Cheetahs are commanding creatures, especially given their capacity to run at speeds of up to 70 miles per hour. This carnivorous mammal with striking black spots is well-known for its superb hunting and stalking ability, making it a dangerous predator in the wild. However, unlike the other large cats with which it is sometimes associated—leopards, jaguars, tigers, and lions—cheetahs do not express themselves with ferocious roars.
So, how do cheetahs sound? They meow and purr like a normal housecat. Even though cheetahs may weigh up to 159 pounds, their structure is similar to that of a tiny cat. Their voice box is fixed, with vibrating vocal chords as they breathe in and out. This allows them to purr but takes away their roaring ability.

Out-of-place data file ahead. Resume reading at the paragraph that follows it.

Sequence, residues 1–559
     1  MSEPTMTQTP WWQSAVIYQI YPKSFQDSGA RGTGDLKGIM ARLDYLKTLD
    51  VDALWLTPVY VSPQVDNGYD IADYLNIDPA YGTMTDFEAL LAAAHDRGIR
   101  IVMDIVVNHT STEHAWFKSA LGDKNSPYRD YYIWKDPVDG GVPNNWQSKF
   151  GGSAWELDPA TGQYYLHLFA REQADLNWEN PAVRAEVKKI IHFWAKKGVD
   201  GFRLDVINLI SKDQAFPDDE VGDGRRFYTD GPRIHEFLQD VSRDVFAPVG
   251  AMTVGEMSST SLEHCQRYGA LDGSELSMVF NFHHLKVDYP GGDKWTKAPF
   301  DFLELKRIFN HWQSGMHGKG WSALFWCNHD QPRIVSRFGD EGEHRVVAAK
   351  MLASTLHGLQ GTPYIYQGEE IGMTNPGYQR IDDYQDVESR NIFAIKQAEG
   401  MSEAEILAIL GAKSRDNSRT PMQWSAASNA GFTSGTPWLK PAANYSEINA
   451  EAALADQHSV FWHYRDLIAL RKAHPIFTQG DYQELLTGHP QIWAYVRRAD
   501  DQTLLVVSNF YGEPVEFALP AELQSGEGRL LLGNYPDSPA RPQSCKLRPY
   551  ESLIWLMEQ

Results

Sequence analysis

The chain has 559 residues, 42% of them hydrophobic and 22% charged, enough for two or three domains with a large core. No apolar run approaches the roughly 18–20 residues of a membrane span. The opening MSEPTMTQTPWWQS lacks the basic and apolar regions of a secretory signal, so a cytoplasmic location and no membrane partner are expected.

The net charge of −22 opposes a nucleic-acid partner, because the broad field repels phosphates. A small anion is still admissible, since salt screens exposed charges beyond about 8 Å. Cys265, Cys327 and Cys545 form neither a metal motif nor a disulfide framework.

Leopards, jaguars, tigers, and lions, on the other hand, are all members of the Pantherinae subfamily. Their laryngeal anatomy, which comprises massive muscles and a lengthy vocal fold, allows them to roar. They have a ligament that contributes to the deep and powerful vocalisations that have been known to paralyse other animals, rather than a fixed voice box.
Cheetahs are members of the Felinae subfamily of tiny cats, which share a vocal structure. This subfamily also includes the Eurasian lynx, bobcat, and cougar, as well as typical domestic cats. All of this merely goes to show that the adage “its bark is worse than its bite” does not necessarily apply to cats.